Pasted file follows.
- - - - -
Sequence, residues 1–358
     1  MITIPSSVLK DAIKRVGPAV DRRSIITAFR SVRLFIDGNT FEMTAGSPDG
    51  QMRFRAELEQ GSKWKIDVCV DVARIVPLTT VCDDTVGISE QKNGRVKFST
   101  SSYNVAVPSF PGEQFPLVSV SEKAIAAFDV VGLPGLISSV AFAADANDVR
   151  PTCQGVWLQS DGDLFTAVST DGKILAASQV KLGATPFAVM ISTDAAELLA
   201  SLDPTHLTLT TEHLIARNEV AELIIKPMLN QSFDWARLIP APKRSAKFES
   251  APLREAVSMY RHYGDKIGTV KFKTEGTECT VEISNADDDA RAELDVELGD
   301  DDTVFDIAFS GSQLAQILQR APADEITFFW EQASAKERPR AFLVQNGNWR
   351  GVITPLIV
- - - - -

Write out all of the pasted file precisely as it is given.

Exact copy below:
Sequence, residues 1–358
     1  MITIPSSVLK DAIKRVGPAV DRRSIITAFR SVRLFIDGNT FEMTAGSPDG
    51  QMRFRAELEQ GSKWKIDVCV DVARIVPLTT VCDDTVGISE QKNGRVKFST
   101  SSYNVAVPSF PGEQFPLVSV SEKAIAAFDV VGLPGLISSV AFAADANDVR
   151  PTCQGVWLQS DGDLFTAVST DGKILAASQV KLGATPFAVM ISTDAAELLA
   201  SLDPTHLTLT TEHLIARNEV AELIIKPMLN QSFDWARLIP APKRSAKFES
   251  APLREAVSMY RHYGDKIGTV KFKTEGTECT VEISNADDDA RAELDVELGD
   301  DDTVFDIAFS GSQLAQILQR APADEITFFW EQASAKERPR AFLVQNGNWR
   351  GVITPLIV